New Hampshire to Pennsylvania.
Flower-heads: growing on stalks in a dense pyramidal raceme. Rays: six to seven, large, spreading. Leaves: lanceolate; thin; serrated. Stem: angled; smooth.
Many books might be written about the golden rods and the story then be only partly told. We know them as a brilliant family which gradually appear among us, sending up first green stems from their perennial roots, then opening sparingly a few buds; and before we can realise that they have returned to us, they have thrown out a mass of bloom that illuminates almost every field and waste corner. Their message to us is hardly as cheery as that of the skunk cabbage; for they bid us get ready for the winter, when everything is pale and cold and the wind soughs sadly through the trees. But they deliver it gaily and remain with us until they themselves are withered down to the ground by the frost.
In manner of growth they are very dissimilar, some forming heavy, dense racemes, as can be seen from the illustration of S. juncea, and others branching and sub-branching into light, feathery clusters; but to whatever variations they are subject, there is something about a golden rod that could never be mistaken for any other flower.
They are weeds, and with the exception of S. bicolor, a silvery, slender variety which grows on the borders of dry woods, yellow in colour. Of the attempts to cultivate them very few have been successful; they cling rather to the fields and waysides for their homes, where as true rods of gold they are a beautiful feature of the American autumn.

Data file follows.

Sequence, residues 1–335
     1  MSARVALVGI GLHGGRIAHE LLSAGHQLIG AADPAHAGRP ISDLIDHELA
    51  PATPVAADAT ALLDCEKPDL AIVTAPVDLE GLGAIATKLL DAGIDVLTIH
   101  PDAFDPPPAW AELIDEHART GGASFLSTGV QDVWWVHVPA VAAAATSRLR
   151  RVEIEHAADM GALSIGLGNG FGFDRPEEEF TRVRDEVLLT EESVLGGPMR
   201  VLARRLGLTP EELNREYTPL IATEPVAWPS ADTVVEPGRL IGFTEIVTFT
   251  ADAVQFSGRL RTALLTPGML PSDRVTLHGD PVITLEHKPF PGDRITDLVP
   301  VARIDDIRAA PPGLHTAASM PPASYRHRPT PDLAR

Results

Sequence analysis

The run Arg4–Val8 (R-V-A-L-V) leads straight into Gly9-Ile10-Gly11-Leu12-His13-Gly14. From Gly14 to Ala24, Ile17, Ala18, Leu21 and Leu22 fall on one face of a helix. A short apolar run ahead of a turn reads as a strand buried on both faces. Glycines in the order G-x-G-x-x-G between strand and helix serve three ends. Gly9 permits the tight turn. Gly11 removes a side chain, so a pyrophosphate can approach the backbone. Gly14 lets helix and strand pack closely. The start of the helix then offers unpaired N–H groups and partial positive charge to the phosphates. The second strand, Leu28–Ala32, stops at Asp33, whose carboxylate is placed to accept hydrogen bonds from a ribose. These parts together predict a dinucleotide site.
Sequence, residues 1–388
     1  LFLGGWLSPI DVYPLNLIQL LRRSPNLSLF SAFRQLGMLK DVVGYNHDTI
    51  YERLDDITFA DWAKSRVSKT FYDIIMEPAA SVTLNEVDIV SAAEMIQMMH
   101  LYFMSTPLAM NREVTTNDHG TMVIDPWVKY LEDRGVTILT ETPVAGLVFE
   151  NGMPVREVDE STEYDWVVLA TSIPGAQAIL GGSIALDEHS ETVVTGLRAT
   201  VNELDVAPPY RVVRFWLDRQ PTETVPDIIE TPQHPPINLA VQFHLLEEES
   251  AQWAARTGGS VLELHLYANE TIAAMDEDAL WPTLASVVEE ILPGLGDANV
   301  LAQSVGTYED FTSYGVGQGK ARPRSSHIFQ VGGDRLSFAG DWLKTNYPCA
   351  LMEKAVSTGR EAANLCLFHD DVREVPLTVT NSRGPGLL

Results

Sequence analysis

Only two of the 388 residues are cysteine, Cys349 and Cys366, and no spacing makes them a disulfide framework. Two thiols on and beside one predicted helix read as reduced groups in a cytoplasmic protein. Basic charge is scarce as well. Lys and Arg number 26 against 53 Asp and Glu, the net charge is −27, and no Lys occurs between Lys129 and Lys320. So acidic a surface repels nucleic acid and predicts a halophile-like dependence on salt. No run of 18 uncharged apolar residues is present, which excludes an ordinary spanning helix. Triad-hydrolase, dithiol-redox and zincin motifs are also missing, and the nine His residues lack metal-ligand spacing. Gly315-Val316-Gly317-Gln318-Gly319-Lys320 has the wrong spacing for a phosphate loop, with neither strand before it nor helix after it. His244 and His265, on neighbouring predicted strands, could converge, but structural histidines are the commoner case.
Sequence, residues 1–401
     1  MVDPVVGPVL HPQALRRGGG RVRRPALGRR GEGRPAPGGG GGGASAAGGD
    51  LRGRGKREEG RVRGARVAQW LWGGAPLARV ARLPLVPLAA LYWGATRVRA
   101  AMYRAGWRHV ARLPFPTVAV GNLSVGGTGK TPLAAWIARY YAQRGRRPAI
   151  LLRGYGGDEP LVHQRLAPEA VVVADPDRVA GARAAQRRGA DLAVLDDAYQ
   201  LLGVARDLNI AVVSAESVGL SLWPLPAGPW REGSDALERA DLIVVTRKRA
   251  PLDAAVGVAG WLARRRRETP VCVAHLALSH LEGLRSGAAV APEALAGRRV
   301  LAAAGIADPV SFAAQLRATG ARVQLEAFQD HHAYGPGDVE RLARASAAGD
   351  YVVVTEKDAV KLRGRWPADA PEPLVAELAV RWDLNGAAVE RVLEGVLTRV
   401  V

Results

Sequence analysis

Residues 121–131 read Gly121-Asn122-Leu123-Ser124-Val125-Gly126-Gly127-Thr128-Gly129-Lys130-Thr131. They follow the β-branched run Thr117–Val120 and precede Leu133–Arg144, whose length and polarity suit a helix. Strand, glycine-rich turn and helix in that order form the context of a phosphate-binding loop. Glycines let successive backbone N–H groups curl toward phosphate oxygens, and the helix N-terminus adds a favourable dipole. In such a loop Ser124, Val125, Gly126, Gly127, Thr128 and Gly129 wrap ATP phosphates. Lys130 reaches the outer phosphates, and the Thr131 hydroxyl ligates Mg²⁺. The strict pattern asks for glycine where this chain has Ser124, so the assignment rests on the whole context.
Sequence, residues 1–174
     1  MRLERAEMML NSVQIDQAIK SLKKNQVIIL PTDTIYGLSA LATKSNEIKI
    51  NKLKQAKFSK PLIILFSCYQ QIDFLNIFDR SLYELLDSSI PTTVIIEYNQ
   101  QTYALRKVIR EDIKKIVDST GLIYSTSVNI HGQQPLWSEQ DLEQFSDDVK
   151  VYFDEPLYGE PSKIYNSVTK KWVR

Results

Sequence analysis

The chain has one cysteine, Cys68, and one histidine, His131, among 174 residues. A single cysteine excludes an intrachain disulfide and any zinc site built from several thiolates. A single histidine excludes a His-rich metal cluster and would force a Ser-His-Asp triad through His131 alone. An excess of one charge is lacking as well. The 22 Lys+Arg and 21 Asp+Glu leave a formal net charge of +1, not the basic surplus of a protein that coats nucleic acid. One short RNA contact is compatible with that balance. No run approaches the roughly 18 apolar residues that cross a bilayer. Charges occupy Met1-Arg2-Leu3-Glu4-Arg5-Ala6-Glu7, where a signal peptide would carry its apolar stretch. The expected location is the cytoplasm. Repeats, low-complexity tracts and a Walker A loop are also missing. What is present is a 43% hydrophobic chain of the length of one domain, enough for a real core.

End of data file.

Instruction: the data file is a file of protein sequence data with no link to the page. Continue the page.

S. fistulosa, pine barren golden rod, is found, as its common name implies, in wet pine barrens, especially those of New Jersey and as far south as Florida. The leaves are sessile, lanceolate and rough. The small flower-heads grow on the recurved branches of panicles.
S. juncea, Plate LXIX, is a well-known golden-rod that is commonly found in dry soil along the roadsides and sometimes in more moist places. Its myriads of flowers with small rays grow in drooping, heavy panicles. The upper leaves are delicately coloured, narrow and entire. The lower ones are sharply toothed and have a distinctive mark in their fringed petioles. It is but seldom that the plant is found over two feet high.
In the deep woods spring is not proclaimed by the blasting of trumpets and the waving of gaudy banners. The inhabitants creep in softly and gravely and take their places; for the timid, the elfish, the proud and the solemn are all alike in their love of the silence and shadows of their home. They shrink from rather than attract the attention of passers by; and when seeking them we are impressed with the idea of intrusion. We are not invited to their revels. It is the buzzing bee, the singing birds and the bright little animals that make merry with them. And when they are sorrowful and the seasons are dark, so that gleams of sunshine come but feebly through the tree tops; the dripping moisture is Nature's lamentation with them.